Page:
Centenary of Passchendaele – Corporal 9470 Edmund Kane

Edmund Kane Courtesy sufingbabe2 on ancestry

Edmund Kane Courtesy surfingbabe2

Thirty two men from 17th Battalion Manchester Regiment were killed on the opening day of the Battle Passchendaele – 3rd Battle of Ypres.  A recent visitor to the site is related to Corporal 9470 Edmund Kane and this blog entry commemorates Edmund and the other men that fell on that day.

Edmund was born in south Manchester in the first Quarter of 1893.  His parents were William and Mary Jane Kane.  William worked in an engineering works in 1901 and the family lived at 5 Baxter Street, Hulme.  Mary Jane had been born in Canada and at least eleven children identified on Census records.  Edmund was her second eldest son.  She had been widowed by the time of the 1911 Census, when Edmund was working as a call boy in a theatre.  The family then lived at 31 Leaf Street, Hulme.  The Manchester Evening News of 24 August 1917 reported Edmund had attended St Wilfred’s School.

Based on the sequence of Edmund’s Regimental Number it is thought he enlisted in the 17th Battalion Manchester Regiment during the spring of 1915.  He was initially posted to XIX Platoon of E (Reserve) Company, although he will have probably have transferred to A, B, C or D Companies before they left for Belton Park in April 1915.  This transfer may have been later.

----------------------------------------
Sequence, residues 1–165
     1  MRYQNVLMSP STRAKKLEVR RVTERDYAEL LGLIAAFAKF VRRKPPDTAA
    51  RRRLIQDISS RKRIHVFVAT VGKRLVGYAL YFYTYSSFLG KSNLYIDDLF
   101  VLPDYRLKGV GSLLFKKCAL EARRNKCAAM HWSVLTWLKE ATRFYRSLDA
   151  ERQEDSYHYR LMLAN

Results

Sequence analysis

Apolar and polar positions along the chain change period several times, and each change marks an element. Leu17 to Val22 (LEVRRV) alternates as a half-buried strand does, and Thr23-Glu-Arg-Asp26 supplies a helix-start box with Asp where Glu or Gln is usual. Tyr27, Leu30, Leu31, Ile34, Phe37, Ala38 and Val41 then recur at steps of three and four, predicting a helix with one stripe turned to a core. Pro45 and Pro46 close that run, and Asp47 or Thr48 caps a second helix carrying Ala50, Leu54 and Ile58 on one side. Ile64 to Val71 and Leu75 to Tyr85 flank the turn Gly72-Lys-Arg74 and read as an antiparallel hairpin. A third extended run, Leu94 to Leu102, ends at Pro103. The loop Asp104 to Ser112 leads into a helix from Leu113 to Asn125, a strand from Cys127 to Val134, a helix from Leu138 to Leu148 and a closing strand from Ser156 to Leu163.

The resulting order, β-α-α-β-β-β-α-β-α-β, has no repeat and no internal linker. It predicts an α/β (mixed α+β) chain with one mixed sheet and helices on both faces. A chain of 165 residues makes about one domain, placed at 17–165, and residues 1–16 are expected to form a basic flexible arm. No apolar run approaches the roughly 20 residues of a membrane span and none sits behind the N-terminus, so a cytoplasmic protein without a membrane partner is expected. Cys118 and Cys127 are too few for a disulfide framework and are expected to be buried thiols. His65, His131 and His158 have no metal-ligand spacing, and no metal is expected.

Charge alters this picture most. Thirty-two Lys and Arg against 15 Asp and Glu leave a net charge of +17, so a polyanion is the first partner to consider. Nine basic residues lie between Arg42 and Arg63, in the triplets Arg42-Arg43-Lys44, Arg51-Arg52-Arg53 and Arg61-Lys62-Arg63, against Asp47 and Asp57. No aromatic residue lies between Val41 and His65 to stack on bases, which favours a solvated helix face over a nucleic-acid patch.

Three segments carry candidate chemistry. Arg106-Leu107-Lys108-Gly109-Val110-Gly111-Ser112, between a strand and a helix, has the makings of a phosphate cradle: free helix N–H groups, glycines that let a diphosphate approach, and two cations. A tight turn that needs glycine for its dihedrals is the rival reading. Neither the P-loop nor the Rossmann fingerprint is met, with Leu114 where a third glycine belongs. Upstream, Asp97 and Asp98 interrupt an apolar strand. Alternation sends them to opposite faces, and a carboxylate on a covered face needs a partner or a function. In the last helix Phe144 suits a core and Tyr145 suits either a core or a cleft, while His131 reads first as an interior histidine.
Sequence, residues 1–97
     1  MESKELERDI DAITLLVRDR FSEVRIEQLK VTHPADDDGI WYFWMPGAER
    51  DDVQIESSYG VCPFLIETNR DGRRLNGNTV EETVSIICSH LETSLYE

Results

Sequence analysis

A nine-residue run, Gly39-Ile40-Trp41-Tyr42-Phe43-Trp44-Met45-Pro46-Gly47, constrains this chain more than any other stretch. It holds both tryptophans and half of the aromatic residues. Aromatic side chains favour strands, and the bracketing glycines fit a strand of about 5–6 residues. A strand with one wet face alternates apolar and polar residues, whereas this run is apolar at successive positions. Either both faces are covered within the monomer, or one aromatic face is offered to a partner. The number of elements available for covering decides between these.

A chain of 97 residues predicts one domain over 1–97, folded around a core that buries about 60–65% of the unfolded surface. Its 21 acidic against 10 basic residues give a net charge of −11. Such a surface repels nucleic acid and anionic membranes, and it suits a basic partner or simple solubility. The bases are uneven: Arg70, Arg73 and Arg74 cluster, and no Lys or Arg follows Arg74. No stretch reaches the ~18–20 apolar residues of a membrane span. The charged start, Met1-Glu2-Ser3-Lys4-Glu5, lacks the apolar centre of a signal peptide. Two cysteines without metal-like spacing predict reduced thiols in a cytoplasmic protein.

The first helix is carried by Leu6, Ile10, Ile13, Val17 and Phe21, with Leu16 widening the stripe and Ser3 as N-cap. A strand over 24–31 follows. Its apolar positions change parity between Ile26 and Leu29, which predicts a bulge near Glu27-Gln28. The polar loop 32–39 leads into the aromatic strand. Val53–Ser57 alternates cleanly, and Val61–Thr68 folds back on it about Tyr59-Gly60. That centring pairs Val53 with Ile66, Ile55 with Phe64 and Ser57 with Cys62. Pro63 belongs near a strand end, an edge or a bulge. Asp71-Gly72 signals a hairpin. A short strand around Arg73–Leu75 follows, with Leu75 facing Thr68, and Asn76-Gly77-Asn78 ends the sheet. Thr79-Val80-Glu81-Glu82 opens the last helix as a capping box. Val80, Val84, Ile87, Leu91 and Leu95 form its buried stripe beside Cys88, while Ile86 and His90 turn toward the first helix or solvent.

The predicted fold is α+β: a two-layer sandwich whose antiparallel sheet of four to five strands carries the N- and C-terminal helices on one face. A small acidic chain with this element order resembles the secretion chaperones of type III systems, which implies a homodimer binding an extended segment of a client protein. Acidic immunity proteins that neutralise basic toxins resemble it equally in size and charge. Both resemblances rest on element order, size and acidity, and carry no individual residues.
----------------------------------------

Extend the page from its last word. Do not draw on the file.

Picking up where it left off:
XIX Pln Photo

XIX Pln Photo April 1915

It is unlikely that Edmund had remained with 17th Battalion since their arrival in France on 8th November 1915, yet no records of wounds or illness have been identified.  Medal records illustrate three postings in 17th, 19th and 17th Battalions, indicating two occasions where Edmund may have been wounded. Very few of the original members will have remained at duty by July 1917.

Edmund was killed in action near Sanctuary Wood on 31st July 1917, which was the opening day of the Battle of Passchendaele.  He has no known grave and is commemorated on the Menin Gate.


Mary Jane Kane received her sons Effects.  Edmund’s medals were returned to the War Office, with a slight prospect that these may now be claimed by family members.


Corporal Edmund Kane’s name inscribed on the Menin Gate

XIX Pln Roll

XIX Pln Roll

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